“Researchers at Roswell Park Cancer Institute (RPCI) have identified common inherited gene alterations that appear to make some patients more at risk of neurotoxicity when treated for breast cancer. The research was presented at the American Association for Cancer Research Annual Meeting 2015, being held April 18-22 in Philadelphia.
“Taxane-related neuropathy, or nerve damage to the peripheral nervous system, cannot be predicted, prevented or effectively treated. A substantial number of breast cancer patients continue to experience severe neuropathy with symptoms lasting long after treatment.
“ ‘Identifying these predictive markers could give clinicians essential information about a patient’s likelihood of developing severe side effects before therapy even starts, thereby potentially increasing the quality of life for breast cancer survivors,’ says the study’s first author, Lara Sucheston-Campbell, PhD, Associate Professor of Oncology in the Division of Cancer Prevention and Population Sciences at Roswell Park.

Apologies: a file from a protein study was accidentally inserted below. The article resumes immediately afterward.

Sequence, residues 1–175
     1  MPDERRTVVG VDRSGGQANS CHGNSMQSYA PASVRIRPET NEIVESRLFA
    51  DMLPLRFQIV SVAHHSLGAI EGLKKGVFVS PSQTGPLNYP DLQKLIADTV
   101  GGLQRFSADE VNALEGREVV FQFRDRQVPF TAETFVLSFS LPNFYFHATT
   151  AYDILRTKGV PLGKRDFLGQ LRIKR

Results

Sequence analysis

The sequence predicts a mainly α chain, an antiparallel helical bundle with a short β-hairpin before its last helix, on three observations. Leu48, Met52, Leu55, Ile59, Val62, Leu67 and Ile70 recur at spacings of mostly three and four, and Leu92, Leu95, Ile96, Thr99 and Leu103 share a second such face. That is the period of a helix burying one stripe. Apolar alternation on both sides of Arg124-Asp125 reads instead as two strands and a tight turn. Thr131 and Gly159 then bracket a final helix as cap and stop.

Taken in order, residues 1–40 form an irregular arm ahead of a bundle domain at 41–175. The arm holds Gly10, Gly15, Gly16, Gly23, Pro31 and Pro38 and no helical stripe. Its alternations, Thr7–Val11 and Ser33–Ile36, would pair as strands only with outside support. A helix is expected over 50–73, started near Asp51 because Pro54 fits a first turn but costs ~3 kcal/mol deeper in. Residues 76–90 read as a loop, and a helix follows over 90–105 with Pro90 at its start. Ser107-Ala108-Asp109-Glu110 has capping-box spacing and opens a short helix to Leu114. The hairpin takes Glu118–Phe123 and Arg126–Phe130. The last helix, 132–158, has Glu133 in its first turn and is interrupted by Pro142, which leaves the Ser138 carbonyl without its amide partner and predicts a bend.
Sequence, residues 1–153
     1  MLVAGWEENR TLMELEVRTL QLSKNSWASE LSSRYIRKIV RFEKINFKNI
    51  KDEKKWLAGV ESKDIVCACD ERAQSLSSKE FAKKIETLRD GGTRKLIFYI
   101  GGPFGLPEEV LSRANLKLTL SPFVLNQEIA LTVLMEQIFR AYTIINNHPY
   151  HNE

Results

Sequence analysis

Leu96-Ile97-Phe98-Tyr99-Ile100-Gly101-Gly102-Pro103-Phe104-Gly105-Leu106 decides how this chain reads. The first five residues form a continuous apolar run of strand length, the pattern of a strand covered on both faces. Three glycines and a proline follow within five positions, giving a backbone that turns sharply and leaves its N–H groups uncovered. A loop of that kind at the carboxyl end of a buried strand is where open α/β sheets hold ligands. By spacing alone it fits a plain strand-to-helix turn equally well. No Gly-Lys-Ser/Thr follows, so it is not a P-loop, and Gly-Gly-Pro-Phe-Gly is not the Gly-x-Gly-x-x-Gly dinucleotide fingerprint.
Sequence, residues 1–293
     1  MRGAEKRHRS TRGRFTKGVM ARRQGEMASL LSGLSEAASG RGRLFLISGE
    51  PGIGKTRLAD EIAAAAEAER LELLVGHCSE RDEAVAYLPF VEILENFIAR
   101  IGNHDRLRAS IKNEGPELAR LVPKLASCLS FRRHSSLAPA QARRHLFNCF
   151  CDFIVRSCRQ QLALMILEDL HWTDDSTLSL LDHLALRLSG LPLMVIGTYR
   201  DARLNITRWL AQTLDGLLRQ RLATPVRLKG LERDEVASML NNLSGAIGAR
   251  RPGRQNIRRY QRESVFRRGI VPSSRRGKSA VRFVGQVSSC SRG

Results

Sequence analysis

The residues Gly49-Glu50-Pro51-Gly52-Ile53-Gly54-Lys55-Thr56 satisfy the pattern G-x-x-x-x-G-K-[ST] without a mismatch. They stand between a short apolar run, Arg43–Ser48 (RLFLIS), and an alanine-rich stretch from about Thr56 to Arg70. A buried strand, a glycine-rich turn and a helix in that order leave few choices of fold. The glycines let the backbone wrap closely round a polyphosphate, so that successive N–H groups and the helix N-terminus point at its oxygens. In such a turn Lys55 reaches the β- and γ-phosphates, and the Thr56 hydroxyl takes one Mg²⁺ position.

“In an effort to find genomic markers that will provide clinicians with clues as to who might develop this often debilitating side effect, Sucheston-Campbell and colleagues analyzed the genomes of 1,269 European Americans and 139 African-Americans enrolled in a cooperative clinical trial (SWOG 221). Participants reported varying levels of neuropathy during and after treatment. Results showed significant associations between severe neuropathy in European American women and variants on chromosomes 7, 10, 16 and 17. The marker on chromosome 7 reduced the odds of neuropathy for both European Americans and African-Americans, and showed the same protective effect in another cooperative-group clinical trial of breast cancer patients treated with taxanes.”